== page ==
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Welcome to The Visible Embryo, a comprehensive educational resource on human development from conception to birth.

The Visible Embryo provides visual references for changes in fetal development throughout pregnancy and can be navigated via fetal development or maternal changes.

The National Institutes of Child Health and Human Development awarded Phase I and Phase II Small Business Innovative Research Grants to develop The Visible Embryo. Initally designed to evaluate the internet as a teaching tool for first year medical students, The Visible Embryo is linked to over 600 educational institutions and is viewed by more than ' million visitors each month.


WHO International Clinical Trials Registry Platform
The World Health Organization (WHO) has created a new Web site to help researchers, doctors and patients obtain reliable information on high-quality clinical trials. Now you can go to one website and search all registers to identify clinical trial research underway around the world!



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Pregnancy Timeline by SemestersFetal liver is producing blood cellsHead may position into pelvisBrain convolutions beginFull TermWhite fat begins to be madeWhite fat begins to be madeHead may position into pelvisImmune system beginningImmune system beginningPeriod of rapid brain growthBrain convolutions beginLungs begin to produce surfactantSensory brain waves begin to activateSensory brain waves begin to activateInner Ear Bones HardenBone marrow starts making blood cellsBone marrow starts making blood cellsBrown fat surrounds lymphatic systemFetal sexual organs visibleFinger and toe prints appearFinger and toe prints appearHeartbeat can be detectedHeartbeat can be detectedBasic Brain Structure in PlaceThe Appearance of SomitesFirst Detectable Brain WavesA Four Chambered HeartBeginning Cerebral HemispheresFemale Reproductive SystemEnd of Embryonic PeriodEnd of Embryonic PeriodFirst Thin Layer of Skin AppearsThird TrimesterSecond TrimesterFirst TrimesterFertilizationDevelopmental Timeline
Click weeks 0 - 40 and follow fetal growth
Google Search artcles published since 2007
 
September 23, 2011--------News Archive

Brain Wiring Continues Well Into Our 20s
The human brain doesn’t stop developing at adolescence, but continues well into our 20s, research from the University of Alberta demonstrates.

Vitamin D Deficiency Linked With Severe Asthma
Children with severe therapy-resistant asthma may have poorer lung function and worse symptoms due to lower levels of vitamin D in their blood.

Reprogramming Muscle Stem Cells to Regenerate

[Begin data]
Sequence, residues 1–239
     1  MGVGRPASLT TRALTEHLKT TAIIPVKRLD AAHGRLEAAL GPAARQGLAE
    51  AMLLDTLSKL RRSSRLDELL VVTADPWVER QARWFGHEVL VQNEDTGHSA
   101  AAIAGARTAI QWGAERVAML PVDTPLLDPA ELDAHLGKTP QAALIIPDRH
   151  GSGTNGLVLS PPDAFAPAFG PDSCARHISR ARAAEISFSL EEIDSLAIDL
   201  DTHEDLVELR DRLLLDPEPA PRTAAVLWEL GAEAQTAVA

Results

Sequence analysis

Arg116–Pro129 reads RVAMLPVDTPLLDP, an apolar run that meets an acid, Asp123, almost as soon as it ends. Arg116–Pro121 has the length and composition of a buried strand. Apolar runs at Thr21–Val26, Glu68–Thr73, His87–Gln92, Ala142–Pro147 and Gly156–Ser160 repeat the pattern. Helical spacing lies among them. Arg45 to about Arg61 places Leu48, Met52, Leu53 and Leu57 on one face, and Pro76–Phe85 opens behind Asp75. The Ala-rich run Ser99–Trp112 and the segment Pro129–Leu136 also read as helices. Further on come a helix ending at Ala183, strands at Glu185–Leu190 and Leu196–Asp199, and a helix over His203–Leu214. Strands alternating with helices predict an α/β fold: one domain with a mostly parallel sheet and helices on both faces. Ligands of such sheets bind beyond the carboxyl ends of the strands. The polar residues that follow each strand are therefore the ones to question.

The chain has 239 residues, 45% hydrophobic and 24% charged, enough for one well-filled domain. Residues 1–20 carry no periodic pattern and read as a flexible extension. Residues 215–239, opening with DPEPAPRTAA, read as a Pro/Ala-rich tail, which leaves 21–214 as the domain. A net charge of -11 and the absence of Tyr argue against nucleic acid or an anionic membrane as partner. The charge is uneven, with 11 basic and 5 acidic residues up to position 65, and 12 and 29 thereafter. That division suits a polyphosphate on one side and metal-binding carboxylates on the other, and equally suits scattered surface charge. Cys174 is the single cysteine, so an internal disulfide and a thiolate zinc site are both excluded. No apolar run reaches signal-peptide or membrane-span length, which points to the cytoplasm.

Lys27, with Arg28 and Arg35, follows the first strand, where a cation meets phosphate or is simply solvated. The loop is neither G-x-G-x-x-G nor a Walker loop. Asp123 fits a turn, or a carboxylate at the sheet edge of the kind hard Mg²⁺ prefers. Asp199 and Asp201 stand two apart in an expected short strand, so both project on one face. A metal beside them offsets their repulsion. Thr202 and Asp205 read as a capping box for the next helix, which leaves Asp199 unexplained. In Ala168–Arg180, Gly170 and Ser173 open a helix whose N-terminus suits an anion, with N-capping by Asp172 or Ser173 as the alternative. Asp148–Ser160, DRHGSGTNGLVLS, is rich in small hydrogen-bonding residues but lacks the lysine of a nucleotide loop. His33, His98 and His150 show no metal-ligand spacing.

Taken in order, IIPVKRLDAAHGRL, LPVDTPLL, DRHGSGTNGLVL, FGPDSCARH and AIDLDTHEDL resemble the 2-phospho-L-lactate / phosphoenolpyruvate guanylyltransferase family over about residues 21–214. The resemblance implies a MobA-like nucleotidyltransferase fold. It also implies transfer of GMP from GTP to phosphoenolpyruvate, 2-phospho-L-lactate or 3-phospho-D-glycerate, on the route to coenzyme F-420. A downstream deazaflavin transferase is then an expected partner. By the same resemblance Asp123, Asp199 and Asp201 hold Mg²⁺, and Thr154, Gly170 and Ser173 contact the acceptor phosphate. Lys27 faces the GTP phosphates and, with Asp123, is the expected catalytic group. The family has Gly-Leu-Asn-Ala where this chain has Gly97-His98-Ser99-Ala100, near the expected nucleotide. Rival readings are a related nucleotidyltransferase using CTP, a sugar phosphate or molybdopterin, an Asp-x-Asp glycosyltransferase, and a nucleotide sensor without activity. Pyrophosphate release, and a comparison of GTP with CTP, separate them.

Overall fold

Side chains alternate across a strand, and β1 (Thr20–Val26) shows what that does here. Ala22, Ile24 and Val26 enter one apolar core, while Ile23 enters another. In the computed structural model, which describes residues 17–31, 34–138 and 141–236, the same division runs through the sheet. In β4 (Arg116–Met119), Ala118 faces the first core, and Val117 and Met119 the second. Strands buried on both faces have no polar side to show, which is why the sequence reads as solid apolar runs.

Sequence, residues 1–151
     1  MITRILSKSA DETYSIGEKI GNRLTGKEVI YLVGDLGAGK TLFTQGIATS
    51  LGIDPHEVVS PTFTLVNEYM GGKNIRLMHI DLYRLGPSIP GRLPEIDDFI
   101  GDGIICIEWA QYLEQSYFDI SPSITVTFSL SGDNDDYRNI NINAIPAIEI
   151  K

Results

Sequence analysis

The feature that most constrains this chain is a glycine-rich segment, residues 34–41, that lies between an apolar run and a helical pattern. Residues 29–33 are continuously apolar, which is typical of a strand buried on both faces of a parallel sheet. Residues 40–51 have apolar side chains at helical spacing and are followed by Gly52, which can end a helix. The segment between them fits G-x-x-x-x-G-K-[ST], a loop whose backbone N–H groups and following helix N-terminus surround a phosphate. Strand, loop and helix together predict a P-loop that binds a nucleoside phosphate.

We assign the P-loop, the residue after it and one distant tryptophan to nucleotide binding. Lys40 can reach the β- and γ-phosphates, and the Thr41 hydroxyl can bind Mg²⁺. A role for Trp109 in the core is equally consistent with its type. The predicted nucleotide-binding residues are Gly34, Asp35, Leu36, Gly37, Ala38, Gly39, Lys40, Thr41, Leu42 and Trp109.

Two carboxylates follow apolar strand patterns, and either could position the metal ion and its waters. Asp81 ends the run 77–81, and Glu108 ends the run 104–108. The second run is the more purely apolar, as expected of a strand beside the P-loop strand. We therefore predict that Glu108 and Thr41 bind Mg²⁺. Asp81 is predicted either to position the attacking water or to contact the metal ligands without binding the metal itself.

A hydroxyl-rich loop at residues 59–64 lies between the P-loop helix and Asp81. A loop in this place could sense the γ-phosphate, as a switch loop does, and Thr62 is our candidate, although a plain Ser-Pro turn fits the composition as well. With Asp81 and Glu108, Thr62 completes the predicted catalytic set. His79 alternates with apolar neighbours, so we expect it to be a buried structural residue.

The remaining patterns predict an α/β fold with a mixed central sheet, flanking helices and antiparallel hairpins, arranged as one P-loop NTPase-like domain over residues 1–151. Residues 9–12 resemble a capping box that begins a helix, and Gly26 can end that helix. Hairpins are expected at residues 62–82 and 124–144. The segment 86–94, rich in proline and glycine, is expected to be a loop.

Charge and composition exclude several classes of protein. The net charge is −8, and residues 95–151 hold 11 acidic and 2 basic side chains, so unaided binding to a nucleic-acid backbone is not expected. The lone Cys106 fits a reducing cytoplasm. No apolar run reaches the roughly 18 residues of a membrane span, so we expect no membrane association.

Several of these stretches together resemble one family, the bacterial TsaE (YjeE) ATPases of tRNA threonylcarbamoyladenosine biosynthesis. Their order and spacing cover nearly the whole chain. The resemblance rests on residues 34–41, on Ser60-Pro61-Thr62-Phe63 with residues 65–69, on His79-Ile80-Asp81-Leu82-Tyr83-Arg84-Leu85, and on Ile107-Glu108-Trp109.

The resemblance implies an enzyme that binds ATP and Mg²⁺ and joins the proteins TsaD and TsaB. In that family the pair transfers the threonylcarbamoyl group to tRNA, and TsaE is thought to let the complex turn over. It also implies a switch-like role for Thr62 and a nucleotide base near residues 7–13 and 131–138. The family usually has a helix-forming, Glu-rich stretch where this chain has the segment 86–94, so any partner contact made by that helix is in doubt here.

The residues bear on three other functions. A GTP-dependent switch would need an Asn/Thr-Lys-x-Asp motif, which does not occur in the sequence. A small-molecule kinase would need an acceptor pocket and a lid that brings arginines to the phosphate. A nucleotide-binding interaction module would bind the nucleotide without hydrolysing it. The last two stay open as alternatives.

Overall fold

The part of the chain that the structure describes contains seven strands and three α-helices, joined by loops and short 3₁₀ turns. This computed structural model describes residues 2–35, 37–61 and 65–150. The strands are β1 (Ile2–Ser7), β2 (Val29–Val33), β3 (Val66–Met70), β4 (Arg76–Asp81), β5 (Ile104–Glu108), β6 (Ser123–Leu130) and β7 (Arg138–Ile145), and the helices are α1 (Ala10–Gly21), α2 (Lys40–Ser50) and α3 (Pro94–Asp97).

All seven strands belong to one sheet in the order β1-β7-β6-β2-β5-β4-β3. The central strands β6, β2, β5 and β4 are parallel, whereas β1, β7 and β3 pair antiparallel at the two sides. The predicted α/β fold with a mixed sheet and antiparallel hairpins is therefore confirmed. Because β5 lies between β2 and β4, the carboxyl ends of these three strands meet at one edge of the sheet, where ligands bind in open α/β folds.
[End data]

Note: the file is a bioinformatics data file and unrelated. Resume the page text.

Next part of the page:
Researchers at the University of California, Berkeley, have turned back the clock on mature muscle tissue, coaxing it back to form new muscle.

September 22, 2011--------News Archive

BPA Changes In-Vitro Egg, Risking Down Syndrome
Bisphenol A is omnipresent in the plastic of common products such as beverage bottles, cans or baby bottles.

'Contaminants' Detected in Narragansett Watershed
Researchers say 'Emerging contaminants of concern' have been detected throughout the Narragansett Bay watershed.

New Plastics for Baby Bottles, Shopping Bags, More
With most of the plastics that define modern life dating to the1930s-1960s, a new breed of these ubiquitous materials are starting to gain a foothold.

September 21, 2011--------News Archive

Epigenetic Changes Don't Always Last
The first comprehensive inventory of epigenetic changes over several generations, shows that these changes often do not last.

Vacuum Device Makes Cellular Exploration Easier
New floating microscopic device will allow researchers to study a wide range of cellular processes.

September 20, 2011--------News Archive

11 Genetic Regions Link Schizophrenia/Bipolar Risk
Common genetic variants contribute to the risk of schizophrenia and bipolar disorder, an international research consortium has discovered.

Pediatric Brain Tumors
Regulatory protein presents potential drug target.

Crosstalk Between Bone, Fat and Pancreatic Cells
Cells in bone, fat and the pancreas appear to be talking to each other and one thing they likely are saying is, "Get moving."

September 19, 2011--------News Archive

Gene Catastrophe Causes Developmental Delay
Research has identified some cases of developmental delay or cognitive disorders associated with a sudden chromosomal catastrophe early in development.

Mom's High-Fat Diet 'Programs' Her Baby to Be Fat
This is the first study to demonstrate that a long-term maternal high-fat diet results in the deposition, in utero, of excess body fat in the newborn.

Length of Song Linked to Size of Upper Bird Brain
Research has proven that the capacity for learning in birds is not linked to overall brain size, but to the relative size and proportion of their specific brain regions.

WHO Child Growth Charts